If you walk through your school’s library and see sleep-deprived students burning chemistry and calculus into their brains, you might assume they’re future doctors. As it turns out, pre-med students aren’t the only ones slaving over equations. Engineers are lucky enough to take organic chemistry and calculus, while studying how technology works and develops. If you’ve ever wondered who designs airports and highways, checks the quality of medical tools or constructs software for computers, you can thank engineers.
What You’ll Be Doing
Advancing technology is the heart and soul of engineering. This doesn’t just mean the new iPhone 6 you waited hours in line to get; nearly every man-made device we rely on depends on the hard work of engineers. Engineering is actually so vast that you need to pick a concentration of study before you can continue on the road to your degree. Before you pick a specialization, you’ll face classes like calculus, physics, chemistry and differential equations. Once you get past the pre-requisites you get to the real deal upper level classes. Those courses all depend on the kind of engineer you aspire to be, whether that’s chemical, biomedical, civil and environmental, electrical, computer… the list goes on. If any of these concentrations pique your interest without making you feel like your brain will explode, you’re ready to hit the physics books.
The Good Stuff
1. “You start to learn a different type of thinking, such as critical thinking and advanced concepts. It makes you think outside the box so you become an innovator and a problem solver.” —Carlos Gordian, Product Quality Engineer at Medtronic, University of Florida, 2015
2. “You get a degree that can be applied to a wide range of jobs and you really learn how the world works. You get to work on new technology and problems that could really change the future. It’s a lot of hard work but a very rewarding job.” —Natalie Marini, Florida State University, 2015
3. “Electrical engineering covers a diverse set of areas like electrical power transmission, communications and robotics. There is a great deal of interesting research going on in those areas. Also, when something you have been working on for months or years finally comes to a successful completion, the feeling of success is unrivaled.” —Matt Wilson, Engineer for US Navy, Florida State University, 2014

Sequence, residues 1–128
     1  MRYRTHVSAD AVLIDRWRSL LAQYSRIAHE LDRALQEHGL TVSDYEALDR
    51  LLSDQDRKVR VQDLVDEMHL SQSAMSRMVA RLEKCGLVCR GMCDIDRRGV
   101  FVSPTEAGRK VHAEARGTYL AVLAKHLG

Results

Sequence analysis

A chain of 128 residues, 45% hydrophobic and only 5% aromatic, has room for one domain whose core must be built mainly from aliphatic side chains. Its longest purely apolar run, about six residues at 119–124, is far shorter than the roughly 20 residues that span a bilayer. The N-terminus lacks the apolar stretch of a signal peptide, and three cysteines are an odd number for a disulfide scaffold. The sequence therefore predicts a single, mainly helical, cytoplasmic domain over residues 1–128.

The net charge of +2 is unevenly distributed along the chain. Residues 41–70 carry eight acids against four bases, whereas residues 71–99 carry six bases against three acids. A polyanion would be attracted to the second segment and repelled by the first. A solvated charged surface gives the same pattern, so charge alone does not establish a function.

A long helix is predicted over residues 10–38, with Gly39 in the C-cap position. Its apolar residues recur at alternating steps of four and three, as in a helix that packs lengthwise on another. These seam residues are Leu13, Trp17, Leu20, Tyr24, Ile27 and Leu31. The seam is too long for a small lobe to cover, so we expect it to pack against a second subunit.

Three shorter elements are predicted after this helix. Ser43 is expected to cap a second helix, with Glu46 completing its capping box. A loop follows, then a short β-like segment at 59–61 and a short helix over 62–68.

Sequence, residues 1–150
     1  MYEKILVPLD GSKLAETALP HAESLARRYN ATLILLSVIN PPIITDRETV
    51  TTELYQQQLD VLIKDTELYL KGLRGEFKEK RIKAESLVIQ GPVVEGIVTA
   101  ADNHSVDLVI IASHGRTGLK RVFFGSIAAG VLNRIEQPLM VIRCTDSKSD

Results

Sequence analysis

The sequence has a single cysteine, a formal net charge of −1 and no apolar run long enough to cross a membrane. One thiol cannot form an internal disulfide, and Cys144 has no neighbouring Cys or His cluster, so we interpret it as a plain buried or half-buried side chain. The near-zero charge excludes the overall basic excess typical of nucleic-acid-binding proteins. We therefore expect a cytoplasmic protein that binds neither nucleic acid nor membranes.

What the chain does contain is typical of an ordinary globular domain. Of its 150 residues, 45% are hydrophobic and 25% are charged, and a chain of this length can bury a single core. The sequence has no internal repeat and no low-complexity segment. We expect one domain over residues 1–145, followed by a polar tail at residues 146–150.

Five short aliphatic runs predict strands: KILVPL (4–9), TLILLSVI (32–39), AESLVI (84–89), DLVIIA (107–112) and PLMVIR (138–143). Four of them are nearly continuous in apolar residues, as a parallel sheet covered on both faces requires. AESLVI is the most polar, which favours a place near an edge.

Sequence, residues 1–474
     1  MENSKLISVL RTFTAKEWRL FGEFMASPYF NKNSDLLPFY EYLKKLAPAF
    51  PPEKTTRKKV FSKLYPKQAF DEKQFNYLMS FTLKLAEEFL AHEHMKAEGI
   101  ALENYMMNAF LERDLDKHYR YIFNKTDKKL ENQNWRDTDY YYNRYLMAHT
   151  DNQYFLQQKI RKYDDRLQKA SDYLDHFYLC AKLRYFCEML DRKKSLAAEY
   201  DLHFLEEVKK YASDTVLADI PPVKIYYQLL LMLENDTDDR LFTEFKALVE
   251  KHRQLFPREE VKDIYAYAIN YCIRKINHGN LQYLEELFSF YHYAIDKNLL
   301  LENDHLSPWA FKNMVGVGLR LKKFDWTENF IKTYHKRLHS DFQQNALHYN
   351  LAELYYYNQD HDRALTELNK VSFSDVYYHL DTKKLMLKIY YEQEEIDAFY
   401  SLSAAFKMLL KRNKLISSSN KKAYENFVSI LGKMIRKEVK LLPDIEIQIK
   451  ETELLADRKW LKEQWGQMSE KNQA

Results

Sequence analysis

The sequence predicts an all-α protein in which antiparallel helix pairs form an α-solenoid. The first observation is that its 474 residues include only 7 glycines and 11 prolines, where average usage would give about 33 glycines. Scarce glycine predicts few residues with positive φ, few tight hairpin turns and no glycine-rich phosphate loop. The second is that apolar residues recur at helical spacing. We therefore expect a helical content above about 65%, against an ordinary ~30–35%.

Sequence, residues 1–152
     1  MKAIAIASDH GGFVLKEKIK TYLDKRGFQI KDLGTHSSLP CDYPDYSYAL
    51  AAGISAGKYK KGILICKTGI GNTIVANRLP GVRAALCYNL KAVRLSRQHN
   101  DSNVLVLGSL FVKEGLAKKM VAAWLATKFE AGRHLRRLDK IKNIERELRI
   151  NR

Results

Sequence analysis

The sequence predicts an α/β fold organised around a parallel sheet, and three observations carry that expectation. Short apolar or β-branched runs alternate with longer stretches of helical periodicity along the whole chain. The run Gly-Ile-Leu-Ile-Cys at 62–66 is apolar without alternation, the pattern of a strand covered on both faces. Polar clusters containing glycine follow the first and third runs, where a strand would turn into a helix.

The Bad Stuff
1. “It has a high dropout rate so it’s hard to convince people to stay. As a female, you have to be able to stick up for yourself and put yourself out there. It’s still a man’s world when it comes to a mechanical engineering workplace.” —Natalie Marini, Florida State University 2015
2. “It is a time-consuming major, and at higher levels like research and industry you can find yourself having spent months or years working on something that simply could not work. This can be due to poor planning, poor theory or just straight up running out of money.” —Matt Wilson, Florida State University 2014
3. “You definitely have to do a lot of extra research and studying on your own. If you jump into it without background knowledge, it’s hard to understand the concepts which are important for moving on. You can’t do as many extracurricular activities as your peers. I’m not saying you can’t do any at all, but you can’t do as many.” —Carlos Gordian, University of Florida 2015
After enduring the most grueling four years of your life, the most important question to answer is “what can I do with this?” Lucky for engineering majors, your job prospects are plentiful and rewarding.
1. Offshore Mechanics and Arctic Engineer
Since the need for oil is not going away anytime soon, the world needs engineers to construct and design the devices that facilitate drilling. Remember those oil spills that result in sad Dawn soap commercials? These engineers get the oil without getting the environment into major trouble. You can use your engineering knowledge to design tools that gather important resources while protecting Mother Earth.
2. Food Engineer
We have a massive population to feed and need more than just a few cows and chickens to sustain it. The process of getting meals from the farm to the plate is a long one. Food engineers design and manage the technology used to feed the public, including the machinery that pasteurizes milk and the mills that process rice. General Tso’s anyone?
3. Production Engineer
With factories spitting out products we use on a daily basis, there needs to be a production engineer running the show. A production engineer is a diverse character; not only can you design the actual products, but you can oversee the process to make sure it’s going your way. Your main goal is always efficiency, whether that pertains to time or cost.
4. Digital Circuit Design Engineer
We’ve all gone through the blind fury of using old and slow technology. Scoring a degree in electrical engineering gives you the skills to design, update and fix the guts of those devices. All the little circuits and wires in your laptop or cell phone were designed by digital circuit design engineers. Did you ever wonder who created the iPhone updates that give you blessed new emojis?
5. Biomedical Engineer
The world of medicine was a pretty dark place without technology; think surgery without anesthesia or scalpels. As a biomedical engineer, you can design new devices that improve the quality of life, like more efficient dialysis machines or a less gross alternative to a colostomy bag. As the medical world continues to innovate, someone needs to analyze and test the quality and effectiveness of the new products before they can be used during a medical emergency.